Good To Be Found


The Washington Post, Tuesday, September 22, 1998; Page A17

Watching our soon-to-be-ex-president obfuscate, prevaricate, smirk, split hairs and outright lie in his videotaped testimony yesterday was a pretty miserable experience—though definitely conclusive for anyone with the slightest doubt about his fitness for office.

"Just go," says the headline on the cover of the Economist this week. "Perjury before a grand jury, as exhaustively described by Mr. Starr, is worthy of impeachment." Of course, but now we know it's worse than that.

Take, for example, the exchange in which President Clinton first contended that, since he had no sexual intercourse with Monica Lewinsky, he had no "sexual relations" with her.

He was reminded that, during the deposition, his lawyer, Robert Bennett, referring to Lewinksy's affidavit, said, "There is absolutely no sex of any manner, shape or form." Oh, well, said Clinton, he was too preoccupied to correct Bennett.

Anyway, Clinton argued, Bennett was speaking in the present tense. "It all depends," said the president, "on what the meaning of the word 'is' is. If the—if he—if 'is' means is and never has been, that is not—that is one thing. If it means there is none, that was a completely true statement. . . .

"Now if someone had asked me on that day, 'Are you having sexual relations with Ms. Lewinksy?' That is, asked me a question in the present tense, I would have said, 'No.' And it would have been completely true."

"Do you mean today," the incredulous prosecutor asked, "that because you are not engaging in sexual activity with Ms. Lewinsky during the deposition that the statement of Mr. Bennett might literally be true?"

Etc., etc.

But believe it or not, some good could come from this sordid mess. The scandal may serve to reinforce three key principles of government: openness, accountability and character.

First, Congress set an excellent precedent in deciding to dump practically all the evidence into the public's lap, allowing citizens to figure out for themselves what they think of the president's conduct.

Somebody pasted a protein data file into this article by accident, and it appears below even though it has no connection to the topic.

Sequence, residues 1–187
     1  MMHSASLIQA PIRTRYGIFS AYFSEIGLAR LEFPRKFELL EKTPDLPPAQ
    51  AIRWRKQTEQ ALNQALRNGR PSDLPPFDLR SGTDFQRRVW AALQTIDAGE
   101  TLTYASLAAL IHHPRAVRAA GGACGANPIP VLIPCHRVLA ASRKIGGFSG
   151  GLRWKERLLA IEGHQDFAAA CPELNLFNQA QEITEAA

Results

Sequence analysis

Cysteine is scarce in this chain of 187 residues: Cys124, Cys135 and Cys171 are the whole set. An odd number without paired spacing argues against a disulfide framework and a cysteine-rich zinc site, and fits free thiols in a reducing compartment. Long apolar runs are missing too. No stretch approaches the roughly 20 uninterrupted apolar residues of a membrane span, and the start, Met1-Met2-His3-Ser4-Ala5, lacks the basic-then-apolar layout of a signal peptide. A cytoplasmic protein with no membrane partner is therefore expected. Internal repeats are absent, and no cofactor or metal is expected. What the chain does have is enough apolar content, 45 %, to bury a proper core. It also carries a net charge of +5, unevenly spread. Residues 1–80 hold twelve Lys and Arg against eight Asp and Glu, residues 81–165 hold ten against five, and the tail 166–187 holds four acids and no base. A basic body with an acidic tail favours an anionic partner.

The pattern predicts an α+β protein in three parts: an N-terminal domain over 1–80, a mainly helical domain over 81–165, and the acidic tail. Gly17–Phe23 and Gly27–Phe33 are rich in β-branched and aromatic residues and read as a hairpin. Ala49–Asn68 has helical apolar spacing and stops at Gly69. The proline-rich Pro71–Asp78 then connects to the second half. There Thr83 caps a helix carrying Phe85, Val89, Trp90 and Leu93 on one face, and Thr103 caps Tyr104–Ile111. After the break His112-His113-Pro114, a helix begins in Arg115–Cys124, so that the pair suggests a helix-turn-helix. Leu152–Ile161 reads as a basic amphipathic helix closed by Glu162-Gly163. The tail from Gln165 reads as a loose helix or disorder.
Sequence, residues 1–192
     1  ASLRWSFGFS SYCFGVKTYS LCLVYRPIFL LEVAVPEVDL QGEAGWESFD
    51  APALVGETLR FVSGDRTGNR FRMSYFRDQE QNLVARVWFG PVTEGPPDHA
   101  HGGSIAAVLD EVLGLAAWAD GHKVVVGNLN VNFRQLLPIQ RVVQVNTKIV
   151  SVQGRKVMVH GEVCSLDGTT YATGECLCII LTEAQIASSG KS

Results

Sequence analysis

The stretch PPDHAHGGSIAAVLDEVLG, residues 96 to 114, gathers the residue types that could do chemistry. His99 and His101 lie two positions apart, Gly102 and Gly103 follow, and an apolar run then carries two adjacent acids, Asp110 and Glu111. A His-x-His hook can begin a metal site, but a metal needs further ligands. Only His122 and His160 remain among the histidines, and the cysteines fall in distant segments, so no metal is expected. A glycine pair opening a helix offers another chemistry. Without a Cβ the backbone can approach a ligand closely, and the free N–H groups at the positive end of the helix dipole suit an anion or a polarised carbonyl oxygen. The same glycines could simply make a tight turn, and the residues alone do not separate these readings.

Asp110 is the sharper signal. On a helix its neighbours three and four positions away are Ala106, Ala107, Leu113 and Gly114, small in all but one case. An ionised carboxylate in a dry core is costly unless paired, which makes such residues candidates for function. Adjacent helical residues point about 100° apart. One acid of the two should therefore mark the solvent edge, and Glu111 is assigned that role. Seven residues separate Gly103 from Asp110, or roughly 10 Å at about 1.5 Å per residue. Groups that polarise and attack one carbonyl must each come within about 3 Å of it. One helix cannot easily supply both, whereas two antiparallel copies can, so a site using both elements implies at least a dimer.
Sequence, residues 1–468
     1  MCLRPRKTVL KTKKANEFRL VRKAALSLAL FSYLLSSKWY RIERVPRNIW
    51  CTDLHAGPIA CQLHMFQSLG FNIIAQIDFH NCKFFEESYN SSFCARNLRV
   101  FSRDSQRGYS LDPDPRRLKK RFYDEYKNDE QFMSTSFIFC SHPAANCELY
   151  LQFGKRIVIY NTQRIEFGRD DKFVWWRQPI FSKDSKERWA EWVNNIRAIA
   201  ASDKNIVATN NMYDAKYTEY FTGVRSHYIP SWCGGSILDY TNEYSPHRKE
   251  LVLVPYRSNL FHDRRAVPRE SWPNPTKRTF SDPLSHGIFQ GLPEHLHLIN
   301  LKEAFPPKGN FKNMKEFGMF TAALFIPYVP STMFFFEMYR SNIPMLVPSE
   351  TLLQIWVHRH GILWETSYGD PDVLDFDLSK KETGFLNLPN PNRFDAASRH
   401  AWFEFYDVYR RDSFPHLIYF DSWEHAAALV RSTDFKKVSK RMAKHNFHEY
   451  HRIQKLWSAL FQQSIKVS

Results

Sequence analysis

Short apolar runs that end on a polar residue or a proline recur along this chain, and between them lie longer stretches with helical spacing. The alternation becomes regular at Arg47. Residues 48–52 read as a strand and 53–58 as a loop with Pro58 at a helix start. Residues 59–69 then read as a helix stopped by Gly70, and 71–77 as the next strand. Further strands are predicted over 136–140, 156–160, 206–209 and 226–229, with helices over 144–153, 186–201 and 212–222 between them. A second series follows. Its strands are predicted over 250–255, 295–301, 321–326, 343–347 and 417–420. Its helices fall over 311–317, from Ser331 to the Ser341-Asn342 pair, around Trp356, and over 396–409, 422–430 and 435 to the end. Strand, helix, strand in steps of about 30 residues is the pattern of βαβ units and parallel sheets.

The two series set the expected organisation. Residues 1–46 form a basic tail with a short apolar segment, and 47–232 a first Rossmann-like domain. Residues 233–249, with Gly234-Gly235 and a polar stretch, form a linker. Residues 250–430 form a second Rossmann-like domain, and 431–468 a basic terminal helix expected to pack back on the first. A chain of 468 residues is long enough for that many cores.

Politicians (like the press) generally have a low opinion of the average person's intelligence. They normally prefer to think for their constituents—to decide what's proper for them to hear or see, often using the protection of children (as though it were the duty of government, rather than parents, to bring up kids) as an excuse.

But by opting for openness and by using the Internet to distribute the material quickly and democratically, Congress has established a standard that Congress itself will have a tough time ignoring, especially with investigations of its own members.

Second, we may have more accountability in public life. In this scandal, it has been a joy to watch a politician held to account for his deeds. Both the press and the political opposition have the bad habit of backing off when slick officials weasel their way out of the blame for poor policy decisions. That will certainly be more difficult in the future.

Third and most important, more attention in the future will be paid to behavior and the character that underlies it. During the 1992 election campaign, a debate raged over whether character counted in government. Who today can doubt the answer to that question?

Clinton's character has destroyed his legacy and made it impossible to achieve even the modest liberal agenda he promised his followers. But worse is the effect his character has had on the very children he talks so interminably about protecting and nurturing.

Sen. Robert C. Byrd (D-W.Va.), one of my heroes, knows about character. First, he has plenty of it himself, having grown up desperately poor in a bleak coal valley and risen to serve 46 admirable years in Congress. Second, he is the Senate's great historian and has studied character and seen it in action.

In a brilliant speech to his peers last week, Byrd talked about "the duty beyond our duties," which is "the duty to inspire others . . . through personal example. . . . On that score, we politicians, as a group, generally miss the mark."

Then, he added, "In the real world, exemplary personal conduct can sometimes achieve much more than any political agenda."

That is the precise lesson of this scandal.

I wrote on Jan. 27 that Clinton should resign with his State of the Union address. He should say, I suggested, that "to stay in office will be to trivialize the importance of moral behavior in our society" and that he "cannot urge personal responsibility on the rest of the nation without adhering to it myself."

Is there still time for the president, uttering similar words, to leave gracefully, even inspirationally? Yes, just barely.